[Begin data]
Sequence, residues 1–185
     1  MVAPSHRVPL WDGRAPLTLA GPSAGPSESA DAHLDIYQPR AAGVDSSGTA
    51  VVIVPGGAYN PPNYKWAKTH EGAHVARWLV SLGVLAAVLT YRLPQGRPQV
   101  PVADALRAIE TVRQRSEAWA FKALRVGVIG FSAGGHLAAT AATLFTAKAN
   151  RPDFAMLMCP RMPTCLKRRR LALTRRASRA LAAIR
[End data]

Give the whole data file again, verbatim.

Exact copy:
Sequence, residues 1–185
     1  MVAPSHRVPL WDGRAPLTLA GPSAGPSESA DAHLDIYQPR AAGVDSSGTA
    51  VVIVPGGAYN PPNYKWAKTH EGAHVARWLV SLGVLAAVLT YRLPQGRPQV
   101  PVADALRAIE TVRQRSEAWA FKALRVGVIG FSAGGHLAAT AATLFTAKAN
   151  RPDFAMLMCP RMPTCLKRRR LALTRRASRA LAAIR